Happy New Beers – April 2018

Here are the new local craft beers we tasted this month.

by Philbert Dy


Local craft beer is booming right now. New beers and breweries seem to be popping up all over the place. In our new monthly column, Happy New Beers, we will be documenting our exploration of this exciting new scene, reviewing a handful of the latest brews we’ve tried.


Pedro Space Out Coffee Stout & Auro Chocolate Stout, The Perfect Pint Cider, Mango Triple IPA



Both 6.8% ABV

Bottles provided by brewer


Pedro has been collaborating with other brands to create a couple of new dark beers. They tapped Yardstick Coffee for the Space Out Coffee Stout, the beer infused with some of their cold brew coffee. The coffee first shows up as a bit of fruity acidity on the nose, which later translates into a lively bit of tartness of the tongue. But it’s still a stout through and through, with all the roasty flavors you might expect. The Auro Chocolate Stout was made specifically for a market event in BGC, and it sold out in a day. There will be another batch later in the year, and it’s going to be worth looking out for it. The nose might lead one to expect a sweeter stout, but it still comes out pretty dry. The chocolate doesn’t come right out of the gate, lingering a bit in the midpalate before really making its presence known in the finish. Both beers are lively enough that you don’t quite feel the 6.8% alcohol lurking behind those toasty flavors, making them pretty damn drinkable all through the night.



7% ABV (Cider), 10.8% ABV, 271 IBU (Mango Triple IPA)

Tasted at The Perfect Pint, Greenbelt 2


It’s been interesting to see ciders come into fashion. The Perfect Pint’s stab at the style is fresh and tart and pretty dry. If beer isn’t your thing, ciders, with their relatively high ABVs, are a pretty decent option for making the night feel a little wobbly. Their newest beer, the Mango Triple IPA, is one of the most absurd brews I’ve seen in a while, clocking in at a rather ridiculous 271 IBU. I’ll be honest: I was ready to hate this beer. But it turned out to be one of the best beers I’ve ever tasted. It turns out that our mangoes just play really well with big hop flavors. It’s as bitter as advertised, but the mango seems to bring out different dimensions to that bitterness. Drinking this beer is like sitting in a grove of mango trees, the smell of wet grass mingling with the aroma of fruit wafting in from a slight breeze, before getting smacked in the face with a mango tree branch. It’s delicious and probably completely unsustainable as a drink. Kudos to Perfect Pint for really pushing the envelope here.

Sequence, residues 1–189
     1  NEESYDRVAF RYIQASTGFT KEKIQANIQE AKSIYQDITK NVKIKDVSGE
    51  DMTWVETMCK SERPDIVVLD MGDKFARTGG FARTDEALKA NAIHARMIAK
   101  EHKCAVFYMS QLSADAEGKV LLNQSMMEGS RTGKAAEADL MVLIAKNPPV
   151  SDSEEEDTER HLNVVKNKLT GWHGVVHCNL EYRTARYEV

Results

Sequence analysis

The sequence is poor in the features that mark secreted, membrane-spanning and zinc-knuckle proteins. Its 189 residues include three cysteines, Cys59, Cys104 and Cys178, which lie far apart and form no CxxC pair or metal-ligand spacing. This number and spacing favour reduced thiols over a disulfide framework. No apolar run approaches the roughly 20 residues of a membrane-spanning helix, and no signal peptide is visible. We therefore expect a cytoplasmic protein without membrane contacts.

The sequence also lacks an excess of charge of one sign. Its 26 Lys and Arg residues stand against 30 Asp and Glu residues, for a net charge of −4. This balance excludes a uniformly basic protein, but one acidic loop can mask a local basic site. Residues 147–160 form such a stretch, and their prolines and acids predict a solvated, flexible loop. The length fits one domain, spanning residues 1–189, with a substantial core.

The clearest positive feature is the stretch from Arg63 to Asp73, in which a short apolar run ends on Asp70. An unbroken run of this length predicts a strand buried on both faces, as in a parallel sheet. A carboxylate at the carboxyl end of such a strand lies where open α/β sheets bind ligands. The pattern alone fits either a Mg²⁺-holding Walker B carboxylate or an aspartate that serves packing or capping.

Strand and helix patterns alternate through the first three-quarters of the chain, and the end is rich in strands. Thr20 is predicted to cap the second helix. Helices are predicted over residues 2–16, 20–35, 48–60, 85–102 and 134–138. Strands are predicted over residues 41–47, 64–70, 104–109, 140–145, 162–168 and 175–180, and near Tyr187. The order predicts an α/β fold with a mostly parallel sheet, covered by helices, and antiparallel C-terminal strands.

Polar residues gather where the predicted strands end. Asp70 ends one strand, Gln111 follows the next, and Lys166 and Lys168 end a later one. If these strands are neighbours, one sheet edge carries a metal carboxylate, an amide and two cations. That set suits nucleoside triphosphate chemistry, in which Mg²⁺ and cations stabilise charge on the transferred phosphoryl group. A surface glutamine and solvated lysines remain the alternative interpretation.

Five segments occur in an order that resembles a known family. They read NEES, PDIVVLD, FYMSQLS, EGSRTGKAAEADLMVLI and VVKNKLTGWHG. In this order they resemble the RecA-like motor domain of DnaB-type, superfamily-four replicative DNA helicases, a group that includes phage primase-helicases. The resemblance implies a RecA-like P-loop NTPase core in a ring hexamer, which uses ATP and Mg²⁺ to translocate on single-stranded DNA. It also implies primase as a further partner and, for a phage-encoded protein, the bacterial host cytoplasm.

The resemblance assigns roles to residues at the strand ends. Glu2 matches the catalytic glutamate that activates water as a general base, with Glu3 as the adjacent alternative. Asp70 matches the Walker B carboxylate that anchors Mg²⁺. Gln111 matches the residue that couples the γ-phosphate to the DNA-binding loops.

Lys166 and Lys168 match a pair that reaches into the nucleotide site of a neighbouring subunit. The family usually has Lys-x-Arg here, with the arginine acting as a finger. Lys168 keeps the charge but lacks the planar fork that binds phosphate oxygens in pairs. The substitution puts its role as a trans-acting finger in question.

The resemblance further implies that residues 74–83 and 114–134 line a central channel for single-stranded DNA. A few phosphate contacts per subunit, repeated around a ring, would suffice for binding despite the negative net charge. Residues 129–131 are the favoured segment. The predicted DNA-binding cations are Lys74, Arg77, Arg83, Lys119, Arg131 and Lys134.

Turning Wheels Little Big Brother Saison and Big Poppa Pineapple Imperial, Elias Guyabano Hard Cider and Presko Witbier


6.5% ABV, 40 IBU (Little Big Brother), 10%, 60 IBU (Big Poppa)

Tasted at Spektral Beer Lounge


To many local craft beer fans, the Cebu-based brewery Turning Wheels has always been the gold standard. The latest beers to find their way to Metro Manila are a couple of saisons, a Belgian style of beer known for its zestier qualities. The Little Big Brother is a perfect example of the style: grassy on the nose, medium-light and crisp, with hints of bitter orange rind on the palate, ending with biscuity notes. The Big Poppa Pineapple Imperial Saison is a far richer brew, opening up with the scent of fresh pineapple, before developing into something herbier and jammier on the palate. There’s a lot of yeast coming through as well, the beer providing plenty of depth in its fermented flavors. These are both great beers, totally upholding the reputation of Turning Wheels as the best brewery in this country.



7% ABV (Cider), 5% ABV, 20 IBU (Presko)

Tasted at 13 Ubay Comfort Dining


Elias continues to do good work over in Quezon City. The Guyabano Hard Cider kind of recalls Guyabano Zesto, but all grown up. Just like the mango hard cider, it’s easy to imagine people drinking it all night, and getting surprised by just how drunk they got. The Presko Witbier is interesting because it doesn’t really play with a lot of the notes that other wheat beers often display. There’s less herb, less bread, and more sweet fruit notes and floral hop flavors on the finish. It’s a lovely beer, though people looking for the coriander and dry orange peel that usually come with a wheat beer might be disappointed.


Desert Fathers Farmhouse Ale, Mango Pale Ale, Abbey 10 Honey Tripel



5% ABV (Farmhouse Ale and Mango Pale Ale), 10% ABV (Honey Tripel)

Tasted at Spektral Beer Lounge


Desert Fathers is brewing out of Cavite, and is connected to a farm. They have several fruit-infused beers, the brewery taking advantage of the produce available to them. The Mango Pale Ale is interesting because it eschews the sweet, ripe mango flavor that most people would probably expect. The mango in the beer tastes like it’s a couple of days away from being fully ripe, giving it a tart, vegetal quality. We actually talked to the brewer, and he said the mangoes he used were from late in the season, so it came out like that. And that might sound like a minus, but it actually gives the beer a unique nuance. Their Farmhouse Ale has notes of fresh hay in the scent, and it kind of tastes like having honey and saba on a cracker. The Abbey 10 Honey Tripel, at 10%, is no one’s idea of a session beer. And it really comes at you with big honey, brown sugar, caramel, spice, and banana flavors. Tripels really are strange: they deliver such friendly flavors, but they’re really there to kick your ass.